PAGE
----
So in that scenario in the future, what skills should a student of mechanical engineering equip themselves with to easily bag a job?
AMA: I'm not really in favor of giving such easy shortcut advisors first and foremost. I would say that competency in engineering skills cannot be overemphasized. Nothing can replace it. Every other skill one acquires is a bonus. They'd also need knowledge in terms of various mechanisms and thermodynamic aspects of analytical thinking ability. There is a need to do approximation, we have to often make back-of-the-envelope calculations and formulate a solution. These are more engineering skills. We need to provide hands-on training for students. In the future, jobs will become more data-driven. Mechanical engineers also need to know the data generated by the processes. So that would be one additional skin that will go a long way in giving a certain kind of job security for the students. Industries are looking for smart people who are very flexible.

VJ: We are in the era of knowledge explosion. It is predicted that engineering knowledge doubling is happening every one to two years in some field. It is still low in medical engineering, however. Let me also share a quick snapshot of current stats on skill demands.  Almost 65 percent of students today will work in a job that has not been invented yet. Almost 50 per cent of the current jobs will be replaced. If not completely, definitely partially. At least one-third of their activities will be done by automated machines. Almost 80 per cent of skills trained for in the last 50 years can now be outperformed by machines. So with this background what skill set one can advocate? The most important skills any student should have in order to survive and to thrive in any challenging scenario are self-learning and lifelong learning. Right now, I suggest that all mechanical engineering students pick up software or languages. They should have basic coding skills, so it is advisable to study something like C++ or Python. Also, they can pick up on design software like AutoCAD or SolidWorks.

Do you think that in the near future we will see robots replacing mechanical engineers in our factories and industries?
AMA: As soon as quantum teleportation becomes commercialised, you can expect that. There won't be any more mechanical engineers. We will only see robots. That would be quite an interesting sci-fi scenario. Although, yesterday's sci-fi is today's reality. So I wouldn't completely rule out that as a possibility, but that's such a dystopian possibility. On a more serious note, no and robot is as likely to replace the range of duties that a qualified and competent mechanical engineer is supposed to perform.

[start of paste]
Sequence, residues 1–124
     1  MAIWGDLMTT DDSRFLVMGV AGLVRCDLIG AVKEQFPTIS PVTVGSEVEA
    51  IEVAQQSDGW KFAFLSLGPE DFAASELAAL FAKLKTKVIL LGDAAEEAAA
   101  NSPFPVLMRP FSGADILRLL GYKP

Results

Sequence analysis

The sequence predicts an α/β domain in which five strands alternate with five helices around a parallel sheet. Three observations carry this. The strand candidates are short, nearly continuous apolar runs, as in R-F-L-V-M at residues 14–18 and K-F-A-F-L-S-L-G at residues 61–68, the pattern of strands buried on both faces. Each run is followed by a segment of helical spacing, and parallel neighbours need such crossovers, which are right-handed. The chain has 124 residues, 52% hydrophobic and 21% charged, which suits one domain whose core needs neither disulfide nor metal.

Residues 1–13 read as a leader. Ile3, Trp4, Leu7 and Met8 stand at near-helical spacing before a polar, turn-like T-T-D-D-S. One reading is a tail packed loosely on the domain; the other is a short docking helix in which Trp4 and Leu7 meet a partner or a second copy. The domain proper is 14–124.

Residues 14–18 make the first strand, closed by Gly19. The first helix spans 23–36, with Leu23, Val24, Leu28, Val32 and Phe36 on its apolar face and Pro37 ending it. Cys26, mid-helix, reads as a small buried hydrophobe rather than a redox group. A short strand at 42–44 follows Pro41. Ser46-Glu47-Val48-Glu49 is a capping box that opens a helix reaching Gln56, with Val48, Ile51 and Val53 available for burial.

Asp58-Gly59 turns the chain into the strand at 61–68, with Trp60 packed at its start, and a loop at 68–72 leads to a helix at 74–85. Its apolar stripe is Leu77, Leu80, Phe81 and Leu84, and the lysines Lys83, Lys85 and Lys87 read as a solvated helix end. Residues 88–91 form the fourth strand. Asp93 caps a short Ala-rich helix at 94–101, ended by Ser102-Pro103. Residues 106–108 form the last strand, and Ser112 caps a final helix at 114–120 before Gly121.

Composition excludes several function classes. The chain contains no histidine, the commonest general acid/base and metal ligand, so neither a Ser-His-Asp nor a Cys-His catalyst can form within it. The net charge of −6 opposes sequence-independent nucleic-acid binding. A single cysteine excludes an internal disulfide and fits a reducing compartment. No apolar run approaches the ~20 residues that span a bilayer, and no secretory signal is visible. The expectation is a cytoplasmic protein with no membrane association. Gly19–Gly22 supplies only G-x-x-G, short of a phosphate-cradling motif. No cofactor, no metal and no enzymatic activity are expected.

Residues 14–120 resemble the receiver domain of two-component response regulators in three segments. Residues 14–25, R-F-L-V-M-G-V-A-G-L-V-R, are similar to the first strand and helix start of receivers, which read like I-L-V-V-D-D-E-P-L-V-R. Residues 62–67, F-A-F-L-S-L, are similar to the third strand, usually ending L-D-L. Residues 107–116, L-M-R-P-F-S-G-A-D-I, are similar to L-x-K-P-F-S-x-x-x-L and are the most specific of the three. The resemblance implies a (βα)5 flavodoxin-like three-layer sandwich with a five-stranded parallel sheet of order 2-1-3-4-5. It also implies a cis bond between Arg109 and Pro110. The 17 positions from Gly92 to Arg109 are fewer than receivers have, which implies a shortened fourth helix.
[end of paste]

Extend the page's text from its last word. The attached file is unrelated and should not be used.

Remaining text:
VJ: It is true that disruptive Technologies such as robots, automation, Artificial Intelligence and Machine Learning will have a huge impact on our lives. But it is a myth that robotics and automation will take away our jobs. In fact, jobs that will be automated or pertaining to all engineering and non-engineering sectors. That's what mechanical engineers do. In fact, these challenges will create a rise in demand for new and varied roles.

Will a degree in mechanical engineering make sense in 2030?
AMA: If we were to live in a matrix by 2030, wherein AI has surpassed the best of human intelligence, the degree will be obsolete. There is no guarantee to that exchange, but the contrary is more likely to be true. There is a reason why I say so. Today if you look at the real scenario, a Mechanical Engineer also needs to open up their laptops and work on a program and enter data into an Excel sheet or a project planner or do the analysis of a CAD model. This has become an essential part of our bread and butter. So these jobs are not all automatable with the current technology. I'm not saying it's absolutely impossible to automate but not with the current technology. So the routine part of our job will involve inspection and basic troubleshooting. Some jobs are easily automatable and it's very likely they these jobs will be taken over by robots and we will be very happy about it. I mean if anything that makes our job as a job a lot less tiresome in the future, we will be happy.

VJ: Mechanical engineering defines engineering, It is a classic stream and there will always be a demand for classics. In the backdrop of India's potential to be a replacement to China will make our country a major manufacturing hub of the world. With emerging technology, there will be a lot of jobs. Mechanical engineering will be there to stay for a long time.